Saturday, December 24, 2005

If only we could take Intelligent Design seriously

An excerpt from something I posted in a mailing-list discussion of the Judge Jones's ruling on Intelligent Design in the Dover Panda Trial:

The problem with ID is that the ID movement presents it as a fairly mature and corroborated hypothesis, even a major theory, which it isn't. Worse, they are pretty clearly not going to let educators seriously explore that hypothesis scientifically. They have zero interest in that, and they're actually quite opposed to it.

If you did, you could and would scientifically disprove their notion of God. The Christian god is a scientific impossibility.

So their strategy is to push back the arbitrary boundary of what's "scientific" to include the core hypothesis of intelligent design, but to draw a line just the other side of that, so that you can't really critique the idea. That is exempt from scientific scrutiny, because it's magic, and science can't go there.

And that's cheating. The problem is not that the core idea of intelligent design is intrinsically unscientific. It's that if you're going to accept it as a scientific hypothesis, you can't exempt the alleged designer from rational scrutiny. People actually have explored some ID hypotheses scientifically (like directed panspermia) and they haven't gotten much traction for pretty good scientific reasons. Not because they're unscientific hypotheses, but because they're not the best available explanations. The ID movement wants to force ID into science, by an end run through education, and that's not how real science or education work.

If it weren't all about political feasibility and huge democratic pressures, I'd say, "make my day!" Let's bring intelligent design into biology, and take the vague theory and refine it into mutually exclusive families of clearer hypotheses. Each of which we analyze for explanatory power, corroborating and disconfirming evidence, and so on.

And in the process, we will show that the Christian concept of God is scientifically false---we can say with a fair degree of scientific confidence that there is no god much like the God they want.

But of course, that will never happen. They'd accuse us of violating their boundary between "science" and "religion," and taking a "religious" stance. (Well, anti-religious, and in a sense they'd be right on that.) If we said the truth, which is that scientists know orthodox Christianity to be scientifically false, we'd be lynched.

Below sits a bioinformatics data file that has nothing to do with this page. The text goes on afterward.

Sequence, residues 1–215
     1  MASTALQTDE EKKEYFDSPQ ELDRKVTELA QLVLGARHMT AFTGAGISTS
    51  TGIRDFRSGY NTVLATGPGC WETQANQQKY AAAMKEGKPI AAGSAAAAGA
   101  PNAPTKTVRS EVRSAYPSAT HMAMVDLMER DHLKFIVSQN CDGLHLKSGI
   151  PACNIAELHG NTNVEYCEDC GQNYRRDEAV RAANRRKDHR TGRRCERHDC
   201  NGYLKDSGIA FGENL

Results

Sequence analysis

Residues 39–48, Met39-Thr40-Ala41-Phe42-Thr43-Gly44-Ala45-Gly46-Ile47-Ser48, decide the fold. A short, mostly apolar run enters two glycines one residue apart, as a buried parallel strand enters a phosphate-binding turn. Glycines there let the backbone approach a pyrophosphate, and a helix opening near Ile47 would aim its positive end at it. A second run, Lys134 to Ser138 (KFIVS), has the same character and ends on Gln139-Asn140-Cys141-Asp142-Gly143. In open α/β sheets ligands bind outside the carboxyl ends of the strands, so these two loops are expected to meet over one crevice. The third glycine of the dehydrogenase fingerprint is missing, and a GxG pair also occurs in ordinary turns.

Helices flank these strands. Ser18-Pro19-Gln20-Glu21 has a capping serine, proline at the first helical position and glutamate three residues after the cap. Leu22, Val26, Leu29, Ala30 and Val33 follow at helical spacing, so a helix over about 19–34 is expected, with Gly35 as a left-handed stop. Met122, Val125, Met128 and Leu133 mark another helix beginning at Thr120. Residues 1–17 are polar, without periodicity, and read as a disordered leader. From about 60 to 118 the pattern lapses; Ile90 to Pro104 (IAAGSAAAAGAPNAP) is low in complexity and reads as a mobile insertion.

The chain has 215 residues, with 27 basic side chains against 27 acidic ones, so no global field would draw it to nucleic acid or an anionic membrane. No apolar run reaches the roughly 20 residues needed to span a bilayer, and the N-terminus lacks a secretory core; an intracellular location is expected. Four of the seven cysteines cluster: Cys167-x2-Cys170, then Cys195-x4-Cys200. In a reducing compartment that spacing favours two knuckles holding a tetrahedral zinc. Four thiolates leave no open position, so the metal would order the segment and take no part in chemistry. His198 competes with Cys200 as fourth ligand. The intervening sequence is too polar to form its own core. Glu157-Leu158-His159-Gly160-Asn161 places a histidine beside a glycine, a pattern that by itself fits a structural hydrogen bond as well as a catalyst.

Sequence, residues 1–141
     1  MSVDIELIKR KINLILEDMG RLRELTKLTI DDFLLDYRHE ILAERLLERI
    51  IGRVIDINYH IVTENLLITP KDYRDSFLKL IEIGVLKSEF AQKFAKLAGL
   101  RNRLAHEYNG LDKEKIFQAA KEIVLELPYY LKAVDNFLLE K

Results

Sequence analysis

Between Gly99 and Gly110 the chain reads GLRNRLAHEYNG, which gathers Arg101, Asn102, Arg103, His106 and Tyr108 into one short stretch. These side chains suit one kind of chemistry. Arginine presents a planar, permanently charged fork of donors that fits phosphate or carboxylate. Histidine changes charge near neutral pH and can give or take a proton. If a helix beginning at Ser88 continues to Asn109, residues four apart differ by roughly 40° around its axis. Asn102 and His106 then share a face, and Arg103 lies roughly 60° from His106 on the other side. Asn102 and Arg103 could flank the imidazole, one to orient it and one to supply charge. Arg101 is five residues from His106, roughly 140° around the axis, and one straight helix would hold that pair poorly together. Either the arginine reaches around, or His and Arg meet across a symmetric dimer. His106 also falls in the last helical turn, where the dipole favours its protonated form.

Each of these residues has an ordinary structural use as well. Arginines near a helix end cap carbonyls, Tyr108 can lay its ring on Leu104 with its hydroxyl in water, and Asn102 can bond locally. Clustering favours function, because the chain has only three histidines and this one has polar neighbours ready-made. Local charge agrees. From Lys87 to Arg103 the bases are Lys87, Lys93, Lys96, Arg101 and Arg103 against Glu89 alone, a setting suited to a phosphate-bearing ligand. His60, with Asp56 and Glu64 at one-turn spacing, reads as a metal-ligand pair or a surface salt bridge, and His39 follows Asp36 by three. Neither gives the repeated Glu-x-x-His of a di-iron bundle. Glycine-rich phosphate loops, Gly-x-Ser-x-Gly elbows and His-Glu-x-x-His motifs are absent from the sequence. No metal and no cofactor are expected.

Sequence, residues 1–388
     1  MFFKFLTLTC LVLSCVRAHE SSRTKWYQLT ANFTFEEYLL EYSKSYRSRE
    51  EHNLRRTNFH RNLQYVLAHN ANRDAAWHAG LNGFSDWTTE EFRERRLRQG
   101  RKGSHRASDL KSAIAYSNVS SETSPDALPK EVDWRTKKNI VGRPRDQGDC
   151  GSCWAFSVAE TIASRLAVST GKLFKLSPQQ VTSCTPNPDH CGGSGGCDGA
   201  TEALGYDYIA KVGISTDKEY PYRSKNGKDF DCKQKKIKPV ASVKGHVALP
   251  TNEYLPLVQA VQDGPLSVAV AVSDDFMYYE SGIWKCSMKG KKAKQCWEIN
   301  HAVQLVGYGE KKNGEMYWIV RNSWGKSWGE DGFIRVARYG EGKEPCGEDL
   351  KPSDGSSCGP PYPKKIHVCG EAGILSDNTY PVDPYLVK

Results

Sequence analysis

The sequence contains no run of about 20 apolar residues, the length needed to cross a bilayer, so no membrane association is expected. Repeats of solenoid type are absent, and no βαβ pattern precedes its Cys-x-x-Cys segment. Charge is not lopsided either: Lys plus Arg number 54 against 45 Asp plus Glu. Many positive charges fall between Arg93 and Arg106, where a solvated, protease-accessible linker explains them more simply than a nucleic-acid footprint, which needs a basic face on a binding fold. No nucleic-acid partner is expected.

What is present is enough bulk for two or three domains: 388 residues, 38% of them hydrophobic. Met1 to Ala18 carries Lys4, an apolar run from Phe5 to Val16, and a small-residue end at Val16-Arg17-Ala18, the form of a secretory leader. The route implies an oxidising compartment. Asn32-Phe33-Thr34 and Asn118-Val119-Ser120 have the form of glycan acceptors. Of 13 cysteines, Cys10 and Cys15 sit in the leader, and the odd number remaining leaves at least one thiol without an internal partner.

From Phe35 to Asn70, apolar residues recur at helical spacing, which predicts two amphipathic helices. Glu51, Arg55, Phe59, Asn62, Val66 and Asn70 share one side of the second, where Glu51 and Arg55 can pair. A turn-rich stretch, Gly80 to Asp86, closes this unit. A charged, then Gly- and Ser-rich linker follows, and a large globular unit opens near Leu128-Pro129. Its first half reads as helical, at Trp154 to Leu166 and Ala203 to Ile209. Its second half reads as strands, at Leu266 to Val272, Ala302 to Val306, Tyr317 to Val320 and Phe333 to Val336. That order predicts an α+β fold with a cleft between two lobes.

4 Comments:

Blogger M.C. said...


And in the process, we will show that the Christian concept of God is scientifically false---we can say with a fair degree of scientific confidence that there is no god much like the God they want.


I'm not a Christian, but I'd like to hear more about this.

How is the Christian God scientifically false?

Thanks!

5:09 PM  
Blogger havoc said...

They'd accuse us of violating their boundary between "science" and "religion," and taking a "religious" stance. (Well, anti-religious, and in a sense they'd be right on that.)

Wow... that's certainly different. I'm a Christian, and an engineer. I don't, and never have seen or understood there to be a boundary between "science" and "religion." I'm not familiar with this school of thought. Can you give me some more info on that school?

If we said the truth, which is that scientists know orthodox Christianity to be scientifically false, we'd be lynched.

Wow (again)! Really!? I am not aware of this happening. Maybe I just don't pay attention to the news, but I haven't heard about this. I know that "scientists" make claims of Christianity's "falseness" on a regular basis, but I haven't heard of any physical attacks on those making the claims. I am appalled! Furious! This is not acceptable! Those reacting in such a way should face the law.

Also, can you show me how Christianity is scientifically false? I have certainly never encountered any such evidence.